The output of the meeting will include a set of recommendations for the consideration of the Commission on the Status of Women which will address both the content of such policies and the processes through which governments could develop their national gender approaches to combating HIV/AIDS. The Expert Group Meeting will focus on the necessity of defining strategies and a multi-sectorial approach to combating HIV/AIDS.
The examination of good practices of effective prevention which have resulted, inter alia, in a decrease of infection will be a cross-cutting theme. Of particular importance will be the participation of experts from all regions who will feed their experience and competence into the debate and bring the results of the Expert Group Meeting back home.
Discussion in the Expert Group Meeting will be clustered around two primary issues which are interlinked:
HIV/AIDS as a human security issue: a gender perspective
The meeting will consider human security in a broad manner including its gender impact on women and men from the local and national levels to the global level. The AIDS pandemic, through its differential impact on women and men and by overwhelming health services, decimating the working populations and creating millions of orphans, is causing social and economic crises and obstacles to development, and sustainability of life. A critical element in fostering stability particularly in the countries most affected by AIDS is an enabling environment that will proactively address the obstacles to gender equality and the enjoyment of social and economic rights by all.
Prevention, treatment and care in the context of human rights
The meeting will consider discrimination against women and girls and violation of their rights in the context of the HIV/AIDS pandemic and give particular attention to the human rights aspects of their need for and access to information, treatment and care, both for themselves and for others for whom they may be caring. Particular attention will be given to:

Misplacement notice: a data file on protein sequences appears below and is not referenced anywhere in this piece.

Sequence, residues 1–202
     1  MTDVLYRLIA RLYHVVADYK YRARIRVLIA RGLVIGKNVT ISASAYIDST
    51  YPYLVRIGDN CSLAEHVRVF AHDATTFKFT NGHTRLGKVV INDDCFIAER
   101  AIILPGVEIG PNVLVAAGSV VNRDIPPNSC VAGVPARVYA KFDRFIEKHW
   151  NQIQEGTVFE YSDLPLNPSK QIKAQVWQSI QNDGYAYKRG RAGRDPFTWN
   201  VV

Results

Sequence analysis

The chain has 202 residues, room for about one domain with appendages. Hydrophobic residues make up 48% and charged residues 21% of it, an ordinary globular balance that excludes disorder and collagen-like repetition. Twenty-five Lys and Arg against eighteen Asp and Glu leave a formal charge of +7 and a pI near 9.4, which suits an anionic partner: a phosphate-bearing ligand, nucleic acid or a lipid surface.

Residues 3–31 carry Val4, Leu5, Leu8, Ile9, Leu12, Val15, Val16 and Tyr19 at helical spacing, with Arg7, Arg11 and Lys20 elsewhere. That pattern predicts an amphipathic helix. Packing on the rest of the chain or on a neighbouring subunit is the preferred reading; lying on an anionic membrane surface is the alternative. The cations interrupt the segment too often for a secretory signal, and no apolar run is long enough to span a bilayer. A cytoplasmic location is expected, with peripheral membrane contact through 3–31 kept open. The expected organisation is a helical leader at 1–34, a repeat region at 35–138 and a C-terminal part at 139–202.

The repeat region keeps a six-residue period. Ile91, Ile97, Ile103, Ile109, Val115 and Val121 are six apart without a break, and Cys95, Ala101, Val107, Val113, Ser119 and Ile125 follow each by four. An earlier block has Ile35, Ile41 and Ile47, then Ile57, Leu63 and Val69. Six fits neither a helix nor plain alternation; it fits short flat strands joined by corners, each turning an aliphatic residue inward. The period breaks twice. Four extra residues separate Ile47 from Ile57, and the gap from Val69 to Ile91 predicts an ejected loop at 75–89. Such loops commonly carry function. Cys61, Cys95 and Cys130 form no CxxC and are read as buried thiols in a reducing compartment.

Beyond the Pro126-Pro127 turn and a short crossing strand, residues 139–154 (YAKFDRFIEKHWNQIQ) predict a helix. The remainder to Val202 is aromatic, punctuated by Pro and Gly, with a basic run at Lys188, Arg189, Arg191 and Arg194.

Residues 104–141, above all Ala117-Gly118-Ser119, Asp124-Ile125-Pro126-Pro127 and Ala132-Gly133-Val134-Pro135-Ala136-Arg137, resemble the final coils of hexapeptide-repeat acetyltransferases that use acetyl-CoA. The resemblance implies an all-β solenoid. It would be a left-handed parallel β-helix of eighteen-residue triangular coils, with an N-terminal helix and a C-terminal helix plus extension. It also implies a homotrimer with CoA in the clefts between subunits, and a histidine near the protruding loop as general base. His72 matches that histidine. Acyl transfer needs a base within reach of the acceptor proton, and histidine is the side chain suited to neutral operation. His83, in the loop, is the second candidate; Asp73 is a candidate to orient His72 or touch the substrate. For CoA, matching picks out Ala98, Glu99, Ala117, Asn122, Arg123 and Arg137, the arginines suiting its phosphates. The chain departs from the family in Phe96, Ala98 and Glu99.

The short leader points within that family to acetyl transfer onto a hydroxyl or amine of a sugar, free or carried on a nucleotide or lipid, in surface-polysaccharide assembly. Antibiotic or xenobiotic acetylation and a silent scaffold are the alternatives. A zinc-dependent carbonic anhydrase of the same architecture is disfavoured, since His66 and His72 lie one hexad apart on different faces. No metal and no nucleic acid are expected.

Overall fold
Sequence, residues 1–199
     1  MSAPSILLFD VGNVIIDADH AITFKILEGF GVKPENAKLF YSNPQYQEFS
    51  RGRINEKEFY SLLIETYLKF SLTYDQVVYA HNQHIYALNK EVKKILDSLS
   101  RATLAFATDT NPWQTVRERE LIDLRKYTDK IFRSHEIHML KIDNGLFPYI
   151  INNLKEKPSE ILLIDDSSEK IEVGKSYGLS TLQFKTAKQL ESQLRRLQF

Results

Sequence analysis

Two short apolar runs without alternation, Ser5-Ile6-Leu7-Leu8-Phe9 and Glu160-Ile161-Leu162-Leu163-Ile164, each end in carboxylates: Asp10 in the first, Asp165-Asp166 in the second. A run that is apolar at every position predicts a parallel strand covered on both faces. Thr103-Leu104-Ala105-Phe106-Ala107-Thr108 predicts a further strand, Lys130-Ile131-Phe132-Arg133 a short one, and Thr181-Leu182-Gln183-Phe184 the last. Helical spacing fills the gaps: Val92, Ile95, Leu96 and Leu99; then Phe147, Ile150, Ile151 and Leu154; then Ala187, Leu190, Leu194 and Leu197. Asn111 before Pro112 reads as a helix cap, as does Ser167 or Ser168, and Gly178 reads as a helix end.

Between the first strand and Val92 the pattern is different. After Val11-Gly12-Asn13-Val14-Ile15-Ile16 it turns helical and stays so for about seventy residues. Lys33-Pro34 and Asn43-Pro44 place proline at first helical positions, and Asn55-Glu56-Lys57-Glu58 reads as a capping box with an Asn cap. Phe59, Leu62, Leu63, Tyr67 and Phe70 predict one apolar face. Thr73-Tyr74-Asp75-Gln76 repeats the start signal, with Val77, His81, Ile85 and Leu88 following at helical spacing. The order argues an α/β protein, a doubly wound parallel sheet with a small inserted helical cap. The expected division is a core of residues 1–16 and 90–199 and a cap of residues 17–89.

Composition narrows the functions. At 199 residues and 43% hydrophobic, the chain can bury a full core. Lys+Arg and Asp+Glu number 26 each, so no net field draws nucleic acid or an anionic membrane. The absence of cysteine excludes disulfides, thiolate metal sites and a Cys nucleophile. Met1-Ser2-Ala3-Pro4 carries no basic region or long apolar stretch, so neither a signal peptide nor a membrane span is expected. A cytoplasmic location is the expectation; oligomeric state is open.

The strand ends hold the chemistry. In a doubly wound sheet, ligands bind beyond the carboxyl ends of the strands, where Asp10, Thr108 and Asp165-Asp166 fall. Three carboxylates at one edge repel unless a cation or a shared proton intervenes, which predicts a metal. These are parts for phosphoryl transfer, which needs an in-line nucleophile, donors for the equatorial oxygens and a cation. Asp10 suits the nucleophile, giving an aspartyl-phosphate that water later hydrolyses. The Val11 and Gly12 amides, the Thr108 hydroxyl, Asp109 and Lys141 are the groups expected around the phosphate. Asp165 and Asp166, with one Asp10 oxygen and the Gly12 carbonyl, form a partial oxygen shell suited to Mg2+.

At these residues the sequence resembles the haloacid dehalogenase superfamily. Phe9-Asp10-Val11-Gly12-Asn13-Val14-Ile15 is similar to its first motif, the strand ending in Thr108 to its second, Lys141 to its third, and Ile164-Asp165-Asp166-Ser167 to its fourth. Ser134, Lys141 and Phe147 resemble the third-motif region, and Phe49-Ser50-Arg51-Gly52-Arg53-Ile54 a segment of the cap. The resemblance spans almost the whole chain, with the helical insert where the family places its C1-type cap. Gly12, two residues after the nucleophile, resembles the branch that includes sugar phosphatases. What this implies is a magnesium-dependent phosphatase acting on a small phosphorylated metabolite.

Emphasis will be put on the specific situation of adolescents and girls.
III. Methods of Work
The Expert Group Meeting will look into the various topics and develop a framework for a gender approach to the issue of HIV/AIDS. Consultants will be invited to prepare background papers on the themes of the EGM to serve as conceptual framework for the discussion. Experts will be invited to prepare inputs on specified issues or case studies in line with their expertise. The Expert Group Meeting will work in plenary session and in smaller working groups based on the major issues identified.
IV. Profile of Participants
The Expert Group Meeting will be attended by two consultants and 10-12 expertsappointed by the Secretary-General of the United Nations as well as observers from Governments, entities of the United Nations system, intergovernmental organizations and non-governmental organizations. The United Nations will provide travel and daily subsistence allowance for the experts and consultants. In selecting the experts and consultants, the criteria of geographical and gender balance will be respected. The participants will be drawn from a variety of fields and expertise.
The documentation for the meeting will include two background papers commissioned by the Division for the Advancement of Women, the World Health Organization and the Joint United Nations Programme on HIV/AIDS and prepared by the consultants, which will outline the major issues to be discussed. It will also include inputs prepared by experts on the various topics identified. Observers will be invited to contribute inputs from their own perspectives. The Expert Group Meeting will be conducted in English only. The documentation will also be in English.
All relevant correspondence should be addressed to:
Ms. Dorota Gierycz
Chief, Gender Analysis Section
Division for the Advancement of Women
Department of Economic and Social Affairs
United Nations, DC2-1244
New York, NY 10017 U.S.A.
Fax: (212) 963-3463